their knowledge of the grave Native 
problems in the United States, should 
have put the English on their guard, 
even if they had never learned the 

and I was reluctant to put forward demands which 
would have caused a still further reduction." — Earl 
Roberts' statement before the Royal Com7t>.ission 
on War in South Africa. Minutes of Evidence I. , 
page 433. 

* I would here ask the reader to remember 
how, till the very night of their doom, the English 
never realized that, through the increased speed 
of the modern steamship and the submarine march 
of the torpedo, the English Channel had virtually 
become a moat, and Britain was rapidly ceasing 
to be an island* 

of the British Empire 49 

lessons of the Indian Mutiny * To 
the South West lay German West 
Africa, and to judge from a novel 
which appeared in Germany| about 
this time, the Germans appear 
already to have meditated the 
possibilities of acquiring the gold- 
fields of Johannesburg and Kim- 
berley to replenish their Treasury. 
In India and Egypt the Native 
problem was equally urgent. Who 
could foretell what effect the sudden 
lowering of British prestige might 
have in the Soudan, in Somaliland, 
or among the frontier tribes of 
India ?:|: • 

* My attention has been drawn to the Ethiopian 
movement, which was only nipped in the bud by 
the despatch of the South African Constabulary to 
the North of the Transvaal, in Oct., 1904, to check 
the meeting of native chiefs. Vide LeklOf the 
native paper published in Pietersburg. 

t Alluded to in the English House of Lords, 
July nth, 1905. 

t ^.^. South Africa was fought to save India. 
** Ye cannot in one place rule and in another place 
bear service." — See Traffics and Discoveries: A 
Sahib^s War, by Rudyard Kipling. 

50 The Decline and Fall 

How came it that the English 
failed to realize their needs ? Surely 
they might have guessed that the 
Anglo-French entente in 1905 would 
draw closer the bonds of sympathy 
between Germany and Russia. 
Surely they might have suspected 
that, before the century was out, 
some plot would have been con- 
trived for their destruction. Surely 
they might have guessed the possible 
coercion or bribery of the Sultan*. 

* The English were warned of this by an 
anonymous letter from Alexandria, which ap- 
peared in the Spectator as long ago as July 29th, 
190^. The author of this letter, who had private 
sources of information, pointed out the military 
possibilities of the railway which was being built 
by the Sultan from Damascus towards Hedjaz. 
**The real originator of the scheme," he writes, 
**was General von der Goltz, whose plans for 
the defence of the Ottoman Empire included the 
construction of great strategical lines, which 
would enable the Turkish armies to be mobilised 
and concentrated with great rapidity for the 
purpose of defence against invasion or rebellion.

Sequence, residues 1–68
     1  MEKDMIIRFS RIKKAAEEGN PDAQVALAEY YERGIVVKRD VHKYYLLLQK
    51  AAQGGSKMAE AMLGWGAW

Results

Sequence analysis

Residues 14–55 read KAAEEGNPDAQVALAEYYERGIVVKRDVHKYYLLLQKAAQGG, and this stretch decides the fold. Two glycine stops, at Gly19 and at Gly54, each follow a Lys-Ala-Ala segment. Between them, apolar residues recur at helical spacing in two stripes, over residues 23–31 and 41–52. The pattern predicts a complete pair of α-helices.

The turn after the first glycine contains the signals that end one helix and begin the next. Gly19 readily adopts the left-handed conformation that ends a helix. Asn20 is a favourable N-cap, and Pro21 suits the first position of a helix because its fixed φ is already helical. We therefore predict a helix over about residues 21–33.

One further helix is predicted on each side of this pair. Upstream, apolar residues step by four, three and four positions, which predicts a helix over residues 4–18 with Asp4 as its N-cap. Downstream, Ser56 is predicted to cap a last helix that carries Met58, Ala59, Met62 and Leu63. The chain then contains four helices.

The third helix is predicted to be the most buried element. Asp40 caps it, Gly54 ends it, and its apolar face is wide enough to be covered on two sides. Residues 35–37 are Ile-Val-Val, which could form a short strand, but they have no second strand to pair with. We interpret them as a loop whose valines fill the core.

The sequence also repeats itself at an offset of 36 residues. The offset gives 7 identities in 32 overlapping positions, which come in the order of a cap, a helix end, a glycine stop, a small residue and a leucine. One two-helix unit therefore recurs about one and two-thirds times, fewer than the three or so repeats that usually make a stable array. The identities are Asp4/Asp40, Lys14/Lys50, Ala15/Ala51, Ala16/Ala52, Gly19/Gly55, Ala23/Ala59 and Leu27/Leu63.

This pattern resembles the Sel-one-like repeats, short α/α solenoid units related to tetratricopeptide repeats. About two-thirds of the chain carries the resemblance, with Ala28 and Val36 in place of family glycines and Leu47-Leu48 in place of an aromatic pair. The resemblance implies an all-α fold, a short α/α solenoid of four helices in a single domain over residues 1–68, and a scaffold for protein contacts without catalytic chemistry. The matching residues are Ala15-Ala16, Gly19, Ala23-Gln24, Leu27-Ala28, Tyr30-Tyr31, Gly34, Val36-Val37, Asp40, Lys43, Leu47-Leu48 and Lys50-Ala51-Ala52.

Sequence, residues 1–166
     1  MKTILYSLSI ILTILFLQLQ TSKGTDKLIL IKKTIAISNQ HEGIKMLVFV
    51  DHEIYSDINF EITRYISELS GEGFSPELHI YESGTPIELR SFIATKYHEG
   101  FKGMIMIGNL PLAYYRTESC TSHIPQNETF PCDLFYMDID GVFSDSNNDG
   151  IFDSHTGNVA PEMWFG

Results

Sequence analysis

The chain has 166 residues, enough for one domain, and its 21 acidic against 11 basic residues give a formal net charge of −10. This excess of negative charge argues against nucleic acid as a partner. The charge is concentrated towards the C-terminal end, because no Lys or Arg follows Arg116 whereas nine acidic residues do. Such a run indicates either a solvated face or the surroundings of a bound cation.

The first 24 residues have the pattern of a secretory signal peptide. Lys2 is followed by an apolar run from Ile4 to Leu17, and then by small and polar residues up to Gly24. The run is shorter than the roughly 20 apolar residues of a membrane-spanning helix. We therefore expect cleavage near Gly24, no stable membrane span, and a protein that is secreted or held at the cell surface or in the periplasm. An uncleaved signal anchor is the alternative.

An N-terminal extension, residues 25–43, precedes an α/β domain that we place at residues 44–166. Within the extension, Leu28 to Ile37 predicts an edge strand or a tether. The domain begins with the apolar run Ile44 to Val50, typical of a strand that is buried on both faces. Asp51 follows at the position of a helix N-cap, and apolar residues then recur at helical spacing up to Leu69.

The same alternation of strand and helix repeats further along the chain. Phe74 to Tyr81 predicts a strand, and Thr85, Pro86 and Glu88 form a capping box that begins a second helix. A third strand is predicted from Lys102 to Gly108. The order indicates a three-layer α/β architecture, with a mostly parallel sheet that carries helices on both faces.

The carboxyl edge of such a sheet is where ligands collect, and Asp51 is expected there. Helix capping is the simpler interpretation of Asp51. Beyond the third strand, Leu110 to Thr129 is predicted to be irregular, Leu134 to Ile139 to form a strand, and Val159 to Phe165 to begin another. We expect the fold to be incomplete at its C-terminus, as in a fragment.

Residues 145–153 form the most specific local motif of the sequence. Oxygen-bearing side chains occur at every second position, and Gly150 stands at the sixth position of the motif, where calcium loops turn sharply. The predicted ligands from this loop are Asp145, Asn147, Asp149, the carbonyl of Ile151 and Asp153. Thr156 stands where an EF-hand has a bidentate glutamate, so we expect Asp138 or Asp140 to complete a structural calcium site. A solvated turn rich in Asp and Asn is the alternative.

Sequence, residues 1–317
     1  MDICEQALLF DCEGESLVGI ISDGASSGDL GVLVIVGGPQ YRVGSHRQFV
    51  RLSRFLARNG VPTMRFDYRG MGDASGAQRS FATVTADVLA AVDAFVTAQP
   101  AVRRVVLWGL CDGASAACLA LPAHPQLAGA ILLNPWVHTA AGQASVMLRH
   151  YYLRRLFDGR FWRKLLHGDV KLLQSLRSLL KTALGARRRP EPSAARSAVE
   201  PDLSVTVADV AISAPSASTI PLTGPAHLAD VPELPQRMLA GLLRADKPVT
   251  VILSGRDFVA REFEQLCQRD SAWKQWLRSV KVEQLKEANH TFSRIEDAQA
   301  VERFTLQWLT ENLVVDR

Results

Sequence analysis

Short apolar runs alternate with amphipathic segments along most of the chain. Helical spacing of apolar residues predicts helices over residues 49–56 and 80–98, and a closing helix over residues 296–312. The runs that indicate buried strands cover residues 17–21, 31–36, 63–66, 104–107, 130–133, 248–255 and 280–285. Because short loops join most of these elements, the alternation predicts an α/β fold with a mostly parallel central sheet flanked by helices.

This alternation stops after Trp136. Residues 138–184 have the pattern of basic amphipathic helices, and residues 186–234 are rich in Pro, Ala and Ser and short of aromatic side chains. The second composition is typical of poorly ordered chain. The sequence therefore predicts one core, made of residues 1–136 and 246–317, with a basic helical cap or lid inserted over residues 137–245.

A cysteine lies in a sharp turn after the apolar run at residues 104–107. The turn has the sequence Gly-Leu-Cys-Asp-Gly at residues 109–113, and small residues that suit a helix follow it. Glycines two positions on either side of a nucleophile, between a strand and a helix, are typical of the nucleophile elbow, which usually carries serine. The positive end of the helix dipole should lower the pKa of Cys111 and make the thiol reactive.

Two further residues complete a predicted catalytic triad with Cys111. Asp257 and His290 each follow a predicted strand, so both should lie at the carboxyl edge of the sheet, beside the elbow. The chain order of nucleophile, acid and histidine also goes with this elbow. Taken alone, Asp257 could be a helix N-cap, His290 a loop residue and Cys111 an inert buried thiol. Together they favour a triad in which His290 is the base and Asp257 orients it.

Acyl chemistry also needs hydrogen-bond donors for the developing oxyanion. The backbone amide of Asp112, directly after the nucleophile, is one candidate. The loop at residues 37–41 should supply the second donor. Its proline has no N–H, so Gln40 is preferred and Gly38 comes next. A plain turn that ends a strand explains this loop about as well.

.... German hostility to Great Britain," he 
continues, "is no new thing. With Turkey 
hostile to the first Moslem Power in the World 
(viz., England), German ambitions might con- 
template the possibility of using the Turkish 

of the British Empire 51 

They might have known that their 
commercial and literary ally, France, 
was too deeply interested in Russia's 
finance to join them in a war against 
her. They might have known that 
it would be mere child's play for a 
revolutionary Russia, having seized 
Persia, to hurl 600,000 men against 
India by no less than three distinct 
routes. They might have realized 
that such an attack would be accom- 
panied by a raid from German West 
Africa and an attempted invasion of 
England. They might have guessed 
that alien-manned corn-ships would 

forces to make a formidable diversion during an 
Anglo- German conflict at Koweit (on the Persian 
Gulf) and on the Egyptian border .... The 
Suez Canal could be blocked with ease. Ma'an 
is only fifteen marches from Ismaila, and though 
the Sinai peninsula and the desert of El Tih are 
inhospitable enough, large armies have entered 
Egypt from the north-east since the dawn of 
history, and the Turkish soldier requires little 
but bread and water and cartridges." It seems 
strange, in the light of after events, that the 
English should have taken no notice of this 
sinister forecast of events, which were really 
destined to happen. 

52 The Decline and Fall 

not prove the most reliable of pro- 
vision agents. They might have 
guessed that the strain oh their 
navy would demand vast reserves of 
trained naval officers and bluejackets. 
They might have guessed that for 
the adequate defence and garrison 
of Africa, Egypt, and India during 
a state of war, to say nothing of 
London, several millions of disci- 
plined civic riflemen would be 
necessary to support their mer- 
cenaries and native troops. Above 
all things they might surely have 
realized the need of a large supply 
of Reserve Officers*, who, though 
civilians, had made the study of war 
their pastime, instead of cards. 

All our Japanese experts are 
agreed that if, in her struggle